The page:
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In The Jungle, Upton Sinclair hopes to use Jurgis’s unfortunate life to advocate for socialism....

Free Upton Sinclair The Jungle papers, essays, and research papers.

Had Upton Sinclair not written a single book after The Jungle, ..

In The Jungle, by Upton Sinclair, he portrays capitalism as the cause of all evils in society.
I strongly believe this novel, The Jungle by Upton Sinclair, is highly significant for anyone living in 2011 because these problems are still existent within our society and many others as well.

Upton Sinclair's The Jungle has been one of ..


In The Jungle, Upton Sinclair pushes for Socialism by showing Jurgis’ struggle to find work, the hardships of the packingtown workers, and the inequality of all men in this capitalistic society....

 

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Upton Sinclair’s The Jungle portrays life through the eyes of a poor workingman struggling to survive in this cruel environment, where the desire for profit among the capitalist meatpacking bosses and the criminals makes the lives of the working class a nearly unendurable struggle for survival....


Upton Sinclair’s The Jungle portrays life through the eyes of a poor workingman struggling to survive in this cruel, tumultuous environment, where the desire for profit among the capitalist meatpacking bosses and the criminals makes the lives of the working class a nearly unendurable struggle for survival....


Upton Sinclair & The Jungle

Only think what he had suffered for that house - what miseries they had all suffered for that house - the price they had paid for it!" "The Jungle", by Upton Sinclair, gives a heart breaking portrayal of the hardships faced by the countless poverty stricken laborers in the slaughter houses of Chicago....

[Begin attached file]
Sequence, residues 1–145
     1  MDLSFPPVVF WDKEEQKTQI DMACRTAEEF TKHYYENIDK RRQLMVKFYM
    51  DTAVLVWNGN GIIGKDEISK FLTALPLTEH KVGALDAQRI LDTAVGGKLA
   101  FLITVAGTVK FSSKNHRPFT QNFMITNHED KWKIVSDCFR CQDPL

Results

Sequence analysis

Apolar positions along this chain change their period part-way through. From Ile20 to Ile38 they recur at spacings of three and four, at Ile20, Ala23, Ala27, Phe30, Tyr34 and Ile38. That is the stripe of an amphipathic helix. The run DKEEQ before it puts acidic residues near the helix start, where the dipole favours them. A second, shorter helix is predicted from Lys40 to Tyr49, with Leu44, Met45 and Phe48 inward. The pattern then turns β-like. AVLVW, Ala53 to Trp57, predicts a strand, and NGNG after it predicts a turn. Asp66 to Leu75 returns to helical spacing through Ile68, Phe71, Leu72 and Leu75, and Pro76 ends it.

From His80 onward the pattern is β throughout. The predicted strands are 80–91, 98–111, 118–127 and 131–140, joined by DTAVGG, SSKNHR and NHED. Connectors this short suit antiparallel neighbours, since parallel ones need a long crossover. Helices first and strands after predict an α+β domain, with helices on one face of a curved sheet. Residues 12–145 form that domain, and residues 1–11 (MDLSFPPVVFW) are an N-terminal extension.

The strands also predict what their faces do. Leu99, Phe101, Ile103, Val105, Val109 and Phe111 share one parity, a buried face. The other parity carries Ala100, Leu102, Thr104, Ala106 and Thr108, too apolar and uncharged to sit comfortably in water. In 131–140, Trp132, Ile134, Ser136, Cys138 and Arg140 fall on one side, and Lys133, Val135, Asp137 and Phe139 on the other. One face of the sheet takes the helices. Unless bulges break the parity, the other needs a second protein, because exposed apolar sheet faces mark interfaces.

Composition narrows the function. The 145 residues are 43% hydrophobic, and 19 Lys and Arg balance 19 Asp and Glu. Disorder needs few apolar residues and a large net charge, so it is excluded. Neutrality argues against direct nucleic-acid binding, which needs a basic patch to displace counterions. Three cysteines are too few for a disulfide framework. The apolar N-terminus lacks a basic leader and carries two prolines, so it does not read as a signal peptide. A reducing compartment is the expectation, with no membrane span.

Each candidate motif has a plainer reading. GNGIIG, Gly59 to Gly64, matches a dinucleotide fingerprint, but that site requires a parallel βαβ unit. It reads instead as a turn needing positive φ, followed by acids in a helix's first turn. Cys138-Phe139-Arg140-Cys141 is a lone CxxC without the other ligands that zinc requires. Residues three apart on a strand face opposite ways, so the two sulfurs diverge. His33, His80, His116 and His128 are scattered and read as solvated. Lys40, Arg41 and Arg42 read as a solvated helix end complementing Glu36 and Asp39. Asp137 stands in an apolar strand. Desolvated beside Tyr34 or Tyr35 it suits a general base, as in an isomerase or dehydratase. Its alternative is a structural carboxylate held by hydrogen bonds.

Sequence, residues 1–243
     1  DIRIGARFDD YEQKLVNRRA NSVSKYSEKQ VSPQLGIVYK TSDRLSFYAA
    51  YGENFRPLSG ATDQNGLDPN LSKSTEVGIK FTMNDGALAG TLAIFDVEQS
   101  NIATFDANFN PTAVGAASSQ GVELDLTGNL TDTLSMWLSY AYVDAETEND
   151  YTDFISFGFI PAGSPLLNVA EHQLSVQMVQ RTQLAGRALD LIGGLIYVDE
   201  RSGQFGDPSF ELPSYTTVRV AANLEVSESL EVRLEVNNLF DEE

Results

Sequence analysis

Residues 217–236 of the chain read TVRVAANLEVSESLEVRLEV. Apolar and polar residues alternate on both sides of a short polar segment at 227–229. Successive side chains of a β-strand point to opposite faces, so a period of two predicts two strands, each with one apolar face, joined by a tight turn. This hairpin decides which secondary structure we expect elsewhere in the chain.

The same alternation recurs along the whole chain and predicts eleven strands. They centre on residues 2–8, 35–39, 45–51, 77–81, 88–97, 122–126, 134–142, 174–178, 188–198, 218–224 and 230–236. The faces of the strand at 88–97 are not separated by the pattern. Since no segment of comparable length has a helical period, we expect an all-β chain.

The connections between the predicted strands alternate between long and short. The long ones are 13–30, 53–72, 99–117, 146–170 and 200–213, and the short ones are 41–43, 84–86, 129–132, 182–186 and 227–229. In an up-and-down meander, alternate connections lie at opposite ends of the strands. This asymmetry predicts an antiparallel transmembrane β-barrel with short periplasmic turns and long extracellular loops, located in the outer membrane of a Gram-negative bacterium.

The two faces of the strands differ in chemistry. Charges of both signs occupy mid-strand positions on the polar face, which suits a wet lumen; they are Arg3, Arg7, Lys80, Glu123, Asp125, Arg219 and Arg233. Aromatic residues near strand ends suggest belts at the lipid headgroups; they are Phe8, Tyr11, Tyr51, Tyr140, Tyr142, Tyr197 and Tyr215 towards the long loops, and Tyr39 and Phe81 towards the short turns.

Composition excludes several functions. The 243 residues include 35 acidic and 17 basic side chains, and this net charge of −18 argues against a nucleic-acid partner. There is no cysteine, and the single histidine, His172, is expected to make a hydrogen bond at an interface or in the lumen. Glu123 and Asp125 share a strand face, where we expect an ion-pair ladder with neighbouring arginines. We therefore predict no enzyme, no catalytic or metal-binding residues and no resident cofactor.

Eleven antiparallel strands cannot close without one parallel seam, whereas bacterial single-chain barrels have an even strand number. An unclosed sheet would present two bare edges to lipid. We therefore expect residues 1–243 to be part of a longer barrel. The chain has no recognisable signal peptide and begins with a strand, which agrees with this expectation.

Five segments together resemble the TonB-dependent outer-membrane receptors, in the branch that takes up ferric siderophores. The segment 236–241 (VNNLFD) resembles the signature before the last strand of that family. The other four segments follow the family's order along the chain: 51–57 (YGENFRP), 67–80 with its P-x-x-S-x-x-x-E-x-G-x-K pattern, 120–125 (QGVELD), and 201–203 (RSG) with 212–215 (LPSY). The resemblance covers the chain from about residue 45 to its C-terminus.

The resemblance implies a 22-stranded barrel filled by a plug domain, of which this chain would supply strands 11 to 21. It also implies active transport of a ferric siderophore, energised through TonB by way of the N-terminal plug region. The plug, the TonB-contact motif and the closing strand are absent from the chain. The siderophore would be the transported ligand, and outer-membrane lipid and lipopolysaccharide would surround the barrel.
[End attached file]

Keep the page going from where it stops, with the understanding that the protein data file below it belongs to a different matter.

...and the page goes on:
“Upton Sinclair’s ‘The Jungle’ Proved Regulation Was Required ..

“Average Waves in Unprotected Waters” by Anne Tyler and The Jungle by Upton Sinclair have similar messages; however, each story displays these messages by using different themes, characterization and symbols.

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Upton Sinclair's book The Jungle, a ficticious yet all-the-more realistic novel about the Chicago meat packing industry (and just working/life conditions in general for city-dwelling Americans at the time), follows Jurgis Rudkus --- A Lithuanian immigrant trying to live the “American dream”....

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Although Sinclair's immediate family was poor, he had wealthy grandparents in New York; so, he grew up with the unique perspective that living both in poverty and in wealth provided. His father was a liquor salesman whose alcoholism played a major role in the son's early childhood. When Sinclair was ten, the family moved to New York, where he began writing dime novels, ethnic jokes, and pulp fiction for various magazines. A religious child with a great love of literature, Sinclair had two great heroes--Jesus Christ and poet Percy Shelley--whom he felt influenced his life and helped him do well in school. In 1897, Sinclair enrolled in Columbia University, determined to succeed while producing one hack novelette a week for various boys' weeklies. In 1900, he married his first wife. It was an unhappy marriage that led to the writing of (1901). He followed up his first novel with (1903), (1903), (1904), and (1906), none of which sold well.In the early 1900s, Sinclair turned to socialism after reading books such as (Robert Blatchford), (Jack London), (Peter Kropotkin), and (Frank Norris). In September, 1905, he joined with Jack London, Clarence Darrow, and Florence Kelley to form the Intercollegiate Socialist Society. The work of Frank Norris especially influenced him. He later spoke about how Norris had "showed me a new world, and he also showed me that it could be put in a novel." Sinclair was also influenced by the investigative journalism of Benjamin Flower, Ida Tarbell, Lincoln Steffens, and Ray Stannard Baker.

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While their writing styles and subject matter are inherently different, the themes of Upton Sinclair’s The Jungle and John Steinbeck’s The Grapes of Wrath are ultimately the same.